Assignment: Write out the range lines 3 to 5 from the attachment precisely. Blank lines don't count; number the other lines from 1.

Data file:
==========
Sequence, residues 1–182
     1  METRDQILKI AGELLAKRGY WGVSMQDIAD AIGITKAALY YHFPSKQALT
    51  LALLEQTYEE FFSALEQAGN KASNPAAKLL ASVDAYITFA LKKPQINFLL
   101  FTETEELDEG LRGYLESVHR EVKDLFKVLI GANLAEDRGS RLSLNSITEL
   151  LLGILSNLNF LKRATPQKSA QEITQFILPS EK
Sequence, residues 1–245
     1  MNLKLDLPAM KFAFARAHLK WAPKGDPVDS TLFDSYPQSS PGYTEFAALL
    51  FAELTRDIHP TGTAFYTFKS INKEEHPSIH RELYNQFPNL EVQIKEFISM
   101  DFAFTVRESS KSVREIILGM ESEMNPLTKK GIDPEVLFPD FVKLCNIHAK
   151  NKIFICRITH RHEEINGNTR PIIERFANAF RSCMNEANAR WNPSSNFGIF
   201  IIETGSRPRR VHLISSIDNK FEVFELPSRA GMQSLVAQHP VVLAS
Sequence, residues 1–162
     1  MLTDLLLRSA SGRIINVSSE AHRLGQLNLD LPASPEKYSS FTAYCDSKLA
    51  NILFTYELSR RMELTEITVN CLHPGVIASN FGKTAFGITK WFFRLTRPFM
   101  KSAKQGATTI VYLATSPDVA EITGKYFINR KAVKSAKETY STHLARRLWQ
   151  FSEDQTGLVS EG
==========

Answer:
    51  LALLEQTYEE FFSALEQAGN KASNPAAKLL ASVDAYITFA LKKPQINFLL
   101  FTETEELDEG LRGYLESVHR EVKDLFKVLI GANLAEDRGS RLSLNSITEL
   151  LLGILSNLNF LKRATPQKSA QEITQFILPS EK